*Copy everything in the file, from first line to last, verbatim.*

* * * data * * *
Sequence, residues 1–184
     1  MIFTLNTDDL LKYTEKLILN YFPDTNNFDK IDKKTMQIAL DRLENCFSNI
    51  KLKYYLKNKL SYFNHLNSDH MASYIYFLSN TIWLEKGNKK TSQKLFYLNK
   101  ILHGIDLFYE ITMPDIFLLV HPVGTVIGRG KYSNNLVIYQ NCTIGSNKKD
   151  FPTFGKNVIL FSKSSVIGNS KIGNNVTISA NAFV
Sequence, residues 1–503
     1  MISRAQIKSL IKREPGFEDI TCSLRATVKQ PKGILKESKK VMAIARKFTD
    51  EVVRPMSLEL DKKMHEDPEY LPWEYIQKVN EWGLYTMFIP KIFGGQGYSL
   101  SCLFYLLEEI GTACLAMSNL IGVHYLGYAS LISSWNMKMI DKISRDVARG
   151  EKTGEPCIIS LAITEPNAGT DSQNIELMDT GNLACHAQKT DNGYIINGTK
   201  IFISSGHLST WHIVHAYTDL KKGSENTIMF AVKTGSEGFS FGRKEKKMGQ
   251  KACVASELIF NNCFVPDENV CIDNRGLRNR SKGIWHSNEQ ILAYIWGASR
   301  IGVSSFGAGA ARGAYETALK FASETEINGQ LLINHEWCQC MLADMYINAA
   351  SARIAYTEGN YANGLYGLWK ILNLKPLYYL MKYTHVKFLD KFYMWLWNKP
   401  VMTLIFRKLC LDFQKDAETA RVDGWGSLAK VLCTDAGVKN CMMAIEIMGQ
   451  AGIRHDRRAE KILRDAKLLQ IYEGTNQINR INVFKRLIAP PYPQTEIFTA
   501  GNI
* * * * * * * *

Sequence, residues 1–184
     1  MIFTLNTDDL LKYTEKLILN YFPDTNNFDK IDKKTMQIAL DRLENCFSNI
    51  KLKYYLKNKL SYFNHLNSDH MASYIYFLSN TIWLEKGNKK TSQKLFYLNK
   101  ILHGIDLFYE ITMPDIFLLV HPVGTVIGRG KYSNNLVIYQ NCTIGSNKKD
   151  FPTFGKNVIL FSKSSVIGNS KIGNNVTISA NAFV
Sequence, residues 1–503
     1  MISRAQIKSL IKREPGFEDI TCSLRATVKQ PKGILKESKK VMAIARKFTD
    51  EVVRPMSLEL DKKMHEDPEY LPWEYIQKVN EWGLYTMFIP KIFGGQGYSL
   101  SCLFYLLEEI GTACLAMSNL IGVHYLGYAS LISSWNMKMI DKISRDVARG
   151  EKTGEPCIIS LAITEPNAGT DSQNIELMDT GNLACHAQKT DNGYIINGTK
   201  IFISSGHLST WHIVHAYTDL KKGSENTIMF AVKTGSEGFS FGRKEKKMGQ
   251  KACVASELIF NNCFVPDENV CIDNRGLRNR SKGIWHSNEQ ILAYIWGASR
   301  IGVSSFGAGA ARGAYETALK FASETEINGQ LLINHEWCQC MLADMYINAA
   351  SARIAYTEGN YANGLYGLWK ILNLKPLYYL MKYTHVKFLD KFYMWLWNKP
   401  VMTLIFRKLC LDFQKDAETA RVDGWGSLAK VLCTDAGVKN CMMAIEIMGQ
   451  AGIRHDRRAE KILRDAKLLQ IYEGTNQINR INVFKRLIAP PYPQTEIFTA
   501  GNI